10. Tell me why I should care. Help me understand why I should listen. If you don’t help me understand why it’s relevant to my life, I’ll to be thinking about my next blog post or my next tee time or my favorite 80s slow dance songs.

What do you think? What keeps you awake during a talk?

Categories: Uncategorized

what keeps people awake and engaged during a message

Tony Morgan from Granger Community Church recently posted this on his blog.

1. Be real. Let people see the actual human inside you. Most times that will occur through your personal stories.
2. Talk like normal people talk. I didn’t grow up in the church, so I don’t understand when you talk with a Christian accent.
3. Use humor. If you don’t make me laugh, I’m probably going to tune you out. By the way, the best humor is revealed through your everyday life.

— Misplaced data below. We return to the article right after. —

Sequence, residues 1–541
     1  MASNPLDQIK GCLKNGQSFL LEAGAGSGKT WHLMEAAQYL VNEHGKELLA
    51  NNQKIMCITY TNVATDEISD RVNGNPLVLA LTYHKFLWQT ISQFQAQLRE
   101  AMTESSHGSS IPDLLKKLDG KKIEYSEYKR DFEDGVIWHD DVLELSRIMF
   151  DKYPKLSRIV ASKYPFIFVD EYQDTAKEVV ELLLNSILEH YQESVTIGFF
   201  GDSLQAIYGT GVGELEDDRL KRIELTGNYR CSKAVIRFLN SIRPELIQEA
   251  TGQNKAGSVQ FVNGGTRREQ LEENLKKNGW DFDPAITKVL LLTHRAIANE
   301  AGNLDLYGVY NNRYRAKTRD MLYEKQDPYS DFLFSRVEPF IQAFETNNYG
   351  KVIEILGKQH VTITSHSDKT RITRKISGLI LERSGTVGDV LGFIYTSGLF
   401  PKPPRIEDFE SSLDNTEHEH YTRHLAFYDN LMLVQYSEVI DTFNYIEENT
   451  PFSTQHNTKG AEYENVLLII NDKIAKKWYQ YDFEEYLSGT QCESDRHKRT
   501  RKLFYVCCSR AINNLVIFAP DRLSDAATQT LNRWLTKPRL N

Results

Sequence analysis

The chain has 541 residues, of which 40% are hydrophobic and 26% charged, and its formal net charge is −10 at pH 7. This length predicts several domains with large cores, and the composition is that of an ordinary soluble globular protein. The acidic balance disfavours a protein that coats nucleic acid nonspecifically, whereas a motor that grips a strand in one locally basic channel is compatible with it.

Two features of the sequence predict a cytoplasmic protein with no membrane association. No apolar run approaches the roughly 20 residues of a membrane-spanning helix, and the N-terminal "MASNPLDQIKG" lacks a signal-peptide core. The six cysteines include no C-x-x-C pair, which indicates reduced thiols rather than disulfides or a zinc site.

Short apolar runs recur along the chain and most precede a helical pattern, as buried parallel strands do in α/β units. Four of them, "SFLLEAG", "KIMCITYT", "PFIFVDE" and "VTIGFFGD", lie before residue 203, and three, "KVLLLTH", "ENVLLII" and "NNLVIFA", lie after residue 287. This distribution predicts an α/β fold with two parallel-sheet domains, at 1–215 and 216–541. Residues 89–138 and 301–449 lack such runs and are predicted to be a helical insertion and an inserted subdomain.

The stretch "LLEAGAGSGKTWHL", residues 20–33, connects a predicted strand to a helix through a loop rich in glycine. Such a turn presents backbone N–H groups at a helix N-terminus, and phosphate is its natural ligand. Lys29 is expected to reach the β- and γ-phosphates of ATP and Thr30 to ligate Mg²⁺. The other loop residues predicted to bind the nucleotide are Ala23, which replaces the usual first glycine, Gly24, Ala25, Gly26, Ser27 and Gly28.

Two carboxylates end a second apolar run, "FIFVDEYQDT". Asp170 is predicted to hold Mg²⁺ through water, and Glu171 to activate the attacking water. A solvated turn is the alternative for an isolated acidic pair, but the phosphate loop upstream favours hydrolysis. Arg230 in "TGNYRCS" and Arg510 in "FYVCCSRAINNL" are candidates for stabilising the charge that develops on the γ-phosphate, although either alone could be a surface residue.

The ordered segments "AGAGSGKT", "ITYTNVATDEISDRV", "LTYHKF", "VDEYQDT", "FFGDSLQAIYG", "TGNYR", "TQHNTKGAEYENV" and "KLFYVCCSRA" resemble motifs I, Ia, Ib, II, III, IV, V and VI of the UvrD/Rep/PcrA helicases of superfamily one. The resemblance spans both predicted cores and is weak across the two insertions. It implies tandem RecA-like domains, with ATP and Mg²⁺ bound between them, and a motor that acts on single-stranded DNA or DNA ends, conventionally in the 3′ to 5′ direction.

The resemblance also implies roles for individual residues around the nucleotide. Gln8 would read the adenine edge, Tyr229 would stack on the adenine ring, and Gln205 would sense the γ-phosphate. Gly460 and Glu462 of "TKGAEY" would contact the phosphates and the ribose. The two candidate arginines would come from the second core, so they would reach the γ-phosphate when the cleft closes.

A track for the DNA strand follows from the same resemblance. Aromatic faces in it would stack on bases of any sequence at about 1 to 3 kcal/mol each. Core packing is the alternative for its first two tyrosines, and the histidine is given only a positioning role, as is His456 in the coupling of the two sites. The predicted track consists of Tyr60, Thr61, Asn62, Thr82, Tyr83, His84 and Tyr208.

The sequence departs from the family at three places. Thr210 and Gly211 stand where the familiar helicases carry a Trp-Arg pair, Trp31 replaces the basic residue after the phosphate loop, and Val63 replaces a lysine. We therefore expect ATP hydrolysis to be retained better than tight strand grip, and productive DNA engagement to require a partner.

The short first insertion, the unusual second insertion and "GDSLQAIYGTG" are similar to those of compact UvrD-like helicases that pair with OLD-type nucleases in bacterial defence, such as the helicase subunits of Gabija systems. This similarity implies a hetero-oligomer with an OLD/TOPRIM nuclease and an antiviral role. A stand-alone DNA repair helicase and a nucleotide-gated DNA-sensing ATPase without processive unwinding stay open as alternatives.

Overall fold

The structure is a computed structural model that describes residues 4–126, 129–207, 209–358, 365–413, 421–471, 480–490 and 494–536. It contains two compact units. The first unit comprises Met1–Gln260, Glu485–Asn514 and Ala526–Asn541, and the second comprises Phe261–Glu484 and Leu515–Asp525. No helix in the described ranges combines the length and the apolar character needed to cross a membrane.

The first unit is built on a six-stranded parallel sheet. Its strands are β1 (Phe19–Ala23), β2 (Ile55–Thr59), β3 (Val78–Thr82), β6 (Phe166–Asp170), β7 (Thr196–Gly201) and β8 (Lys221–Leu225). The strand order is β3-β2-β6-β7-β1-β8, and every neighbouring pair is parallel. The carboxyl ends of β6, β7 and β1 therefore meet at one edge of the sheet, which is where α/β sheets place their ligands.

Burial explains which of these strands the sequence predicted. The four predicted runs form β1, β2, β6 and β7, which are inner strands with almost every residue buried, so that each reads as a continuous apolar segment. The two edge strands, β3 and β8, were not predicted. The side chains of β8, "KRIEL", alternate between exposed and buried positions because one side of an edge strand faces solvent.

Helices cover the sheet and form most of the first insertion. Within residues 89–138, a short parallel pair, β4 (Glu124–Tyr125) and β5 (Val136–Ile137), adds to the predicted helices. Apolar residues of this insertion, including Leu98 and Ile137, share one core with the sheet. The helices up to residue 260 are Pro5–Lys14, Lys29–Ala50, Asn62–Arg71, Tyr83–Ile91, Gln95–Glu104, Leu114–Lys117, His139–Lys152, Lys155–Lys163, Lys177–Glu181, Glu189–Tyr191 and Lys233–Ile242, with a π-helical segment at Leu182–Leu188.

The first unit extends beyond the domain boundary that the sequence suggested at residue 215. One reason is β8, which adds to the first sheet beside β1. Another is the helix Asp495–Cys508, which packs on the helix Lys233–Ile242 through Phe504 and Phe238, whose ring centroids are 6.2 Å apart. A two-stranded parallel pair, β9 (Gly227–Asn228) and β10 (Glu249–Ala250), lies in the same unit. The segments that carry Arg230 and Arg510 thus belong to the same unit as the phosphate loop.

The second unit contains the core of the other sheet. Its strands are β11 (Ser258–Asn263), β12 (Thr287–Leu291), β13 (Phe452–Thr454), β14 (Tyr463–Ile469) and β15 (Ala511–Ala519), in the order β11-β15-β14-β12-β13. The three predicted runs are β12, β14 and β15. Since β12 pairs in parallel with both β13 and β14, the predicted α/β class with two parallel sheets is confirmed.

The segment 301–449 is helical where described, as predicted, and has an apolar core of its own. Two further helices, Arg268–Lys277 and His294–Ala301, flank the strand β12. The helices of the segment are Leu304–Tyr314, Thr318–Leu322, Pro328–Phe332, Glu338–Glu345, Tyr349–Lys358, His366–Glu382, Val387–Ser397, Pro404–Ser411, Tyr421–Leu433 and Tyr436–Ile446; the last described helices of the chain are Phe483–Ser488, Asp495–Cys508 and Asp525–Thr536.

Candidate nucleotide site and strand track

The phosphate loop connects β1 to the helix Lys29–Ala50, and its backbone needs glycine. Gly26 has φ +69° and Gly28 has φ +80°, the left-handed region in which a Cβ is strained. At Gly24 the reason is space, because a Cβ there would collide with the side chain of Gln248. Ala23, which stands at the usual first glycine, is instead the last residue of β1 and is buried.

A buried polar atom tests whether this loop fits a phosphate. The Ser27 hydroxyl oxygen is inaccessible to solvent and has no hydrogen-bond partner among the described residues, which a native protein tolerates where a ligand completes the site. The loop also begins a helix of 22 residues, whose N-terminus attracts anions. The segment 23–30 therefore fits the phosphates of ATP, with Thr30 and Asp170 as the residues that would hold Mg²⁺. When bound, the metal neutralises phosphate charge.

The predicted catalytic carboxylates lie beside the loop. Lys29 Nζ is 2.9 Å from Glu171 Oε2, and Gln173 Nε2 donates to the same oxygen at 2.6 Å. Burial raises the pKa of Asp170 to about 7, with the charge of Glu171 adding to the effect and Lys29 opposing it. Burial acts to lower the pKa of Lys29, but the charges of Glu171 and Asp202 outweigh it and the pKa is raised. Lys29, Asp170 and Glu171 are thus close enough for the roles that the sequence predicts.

4. Don’t tell me what to think. Lead me on the journey toward truth, but let me reach my own conclusions. In other words, don’t try to sell it.
5. Be honest. If I think you’re credible, there’s a better chance I’ll think your message is credible.
6. Avoid being too polished. In fact, I love it when you leave your prepared statements and share anything off the cuff.
7. Reveal your weaknesses. As silly as it may seem, it makes me smile when I hear about your mistakes. It helps me to respect the areas where you are gifted.
8. Be brief. Shorter is better. I’m probably only going to remember one or, at the most, two things that you say.
9. Make me smart. I don’t care how smart you are, but I like it when you make me feel smart. That’s easier when you use small words and make it easy for me to apply what you’re teaching.
10. Tell me why I should care. Help me understand why I should listen. If you don’t help me understand why it’s relevant to my life, I’ll to be thinking about my next blog post or my next tee time or my favorite 80s slow dance songs.

What do you think? What keeps you awake during a talk?

Categories: Uncategorized

quick thought

June 29, 2005 2 comments

Are we waiting for God to move…
…or is God waiting for us to get off our butts and get going?

Categories: Uncategorized